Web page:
I cried today. I didn’t think it was going to happen, but I really cried today.
Today was our last full day here at Brown University in Providence, Rhode Island. I love this place so much. Someone from the Brown Session 1 told me that Brown was like his home. He loved it so much and is determined to make it into this great school. I didn’t feel like I had the same passion as he did until today.
I woke up earlier than any other day and was ready for breakfast sooner than I thought. After finishing breakfast, I worked more on my action plan, which was due today at 1:30. During class, we had an unexpected visitor, Ms. La Donna Williams. She participated in our group activities and was a fun addition to our class.
At lunch, Ms. Williams went with Mariko and me to Spats, a small restaurant by the university. We had a great meal of salad, clam chowder, and pizza with mashed potatoes and bacon on it. It was a nice way to celebrate our final lunch.
All the excitement was from after lunch. Class was moved to Faunce Hall, where we did a self-defense workshop. Not only did we learn a couple of useful moves that would help us in case we should find ourselves in a situation of an assault, but we also got a chance to relieve some of the stress we gained throughout the week when we did our self assessments. Apparently, according to my fellow cohorts, I can get pretty scary when I’m defending myself. Heheh.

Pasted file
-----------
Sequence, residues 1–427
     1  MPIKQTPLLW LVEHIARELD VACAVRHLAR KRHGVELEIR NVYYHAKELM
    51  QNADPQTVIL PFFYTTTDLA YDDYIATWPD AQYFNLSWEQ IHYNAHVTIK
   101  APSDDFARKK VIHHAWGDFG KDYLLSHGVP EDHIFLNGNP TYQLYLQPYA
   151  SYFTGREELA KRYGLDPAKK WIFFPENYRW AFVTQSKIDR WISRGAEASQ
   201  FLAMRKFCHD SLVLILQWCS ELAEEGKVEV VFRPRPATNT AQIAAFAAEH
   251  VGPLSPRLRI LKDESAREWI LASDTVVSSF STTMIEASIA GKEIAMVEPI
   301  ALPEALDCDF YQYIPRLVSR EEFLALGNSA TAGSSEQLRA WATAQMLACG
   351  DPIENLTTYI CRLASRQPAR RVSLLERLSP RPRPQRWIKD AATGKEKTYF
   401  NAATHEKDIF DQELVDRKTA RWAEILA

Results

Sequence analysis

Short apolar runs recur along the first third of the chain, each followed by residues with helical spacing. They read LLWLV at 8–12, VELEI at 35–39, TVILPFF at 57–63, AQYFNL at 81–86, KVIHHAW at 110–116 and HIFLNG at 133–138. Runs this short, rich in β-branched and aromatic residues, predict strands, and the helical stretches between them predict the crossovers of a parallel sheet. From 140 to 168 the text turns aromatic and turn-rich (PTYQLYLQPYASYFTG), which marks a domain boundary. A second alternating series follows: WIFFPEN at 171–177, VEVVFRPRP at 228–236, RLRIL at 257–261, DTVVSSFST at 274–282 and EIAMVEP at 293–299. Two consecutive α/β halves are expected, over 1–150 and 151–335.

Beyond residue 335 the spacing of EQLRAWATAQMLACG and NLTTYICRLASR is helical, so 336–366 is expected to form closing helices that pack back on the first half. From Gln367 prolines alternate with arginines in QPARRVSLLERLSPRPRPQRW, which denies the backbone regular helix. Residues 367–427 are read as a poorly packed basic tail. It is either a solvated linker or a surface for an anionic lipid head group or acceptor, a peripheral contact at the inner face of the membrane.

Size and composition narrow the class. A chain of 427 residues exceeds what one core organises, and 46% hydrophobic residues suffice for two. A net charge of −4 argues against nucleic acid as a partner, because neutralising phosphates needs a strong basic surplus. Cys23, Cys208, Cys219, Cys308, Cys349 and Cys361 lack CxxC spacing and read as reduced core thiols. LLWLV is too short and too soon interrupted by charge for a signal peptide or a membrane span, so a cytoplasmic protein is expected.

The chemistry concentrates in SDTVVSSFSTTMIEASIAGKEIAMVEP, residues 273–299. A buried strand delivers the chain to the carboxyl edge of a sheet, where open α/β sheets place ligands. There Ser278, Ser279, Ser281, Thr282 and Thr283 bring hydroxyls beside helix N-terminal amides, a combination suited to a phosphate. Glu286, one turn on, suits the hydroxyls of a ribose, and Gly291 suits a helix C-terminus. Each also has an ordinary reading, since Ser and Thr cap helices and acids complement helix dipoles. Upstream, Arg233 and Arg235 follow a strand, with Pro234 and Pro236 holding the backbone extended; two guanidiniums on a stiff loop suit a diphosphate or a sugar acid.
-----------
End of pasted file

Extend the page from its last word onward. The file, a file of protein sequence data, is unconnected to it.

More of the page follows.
After class, some friends and I went to Providence Place Mall, where I got my first taste of Dunkin’ Donuts. Not only were the workers really friendly, but also the large Coolatas were definitely worth the 5 dollars. The closest Dunkin’ Donuts to my area is about a 20 minute drive away, but I know that whenever I go there, I will be reminded of the wonderful experience I had with my friends today.
We had another workshop from 7-9. Part one involved my Women and Leadership girls, and we did an activity that involved one girl holding a ball of yarn and, while keeping one bit of the yarn, passing it to another girl and telling the group why you believe that girl is a leader. In the end, the class would make a “web” that connected every girl to each other. I choked up and started crying as I explained to the class how good of a person Marylyn is. As I got into my mini speech, many other girls started crying and the Women and Leadership ladies all had a session of love speeches and emotional breakdowns. We’re all a, as cliché as this may sound, band of sisters, and we’ll always support each other regardless of whether we’re in Hong Kong, China, Boston, Massachusetts, or San Francisco, California.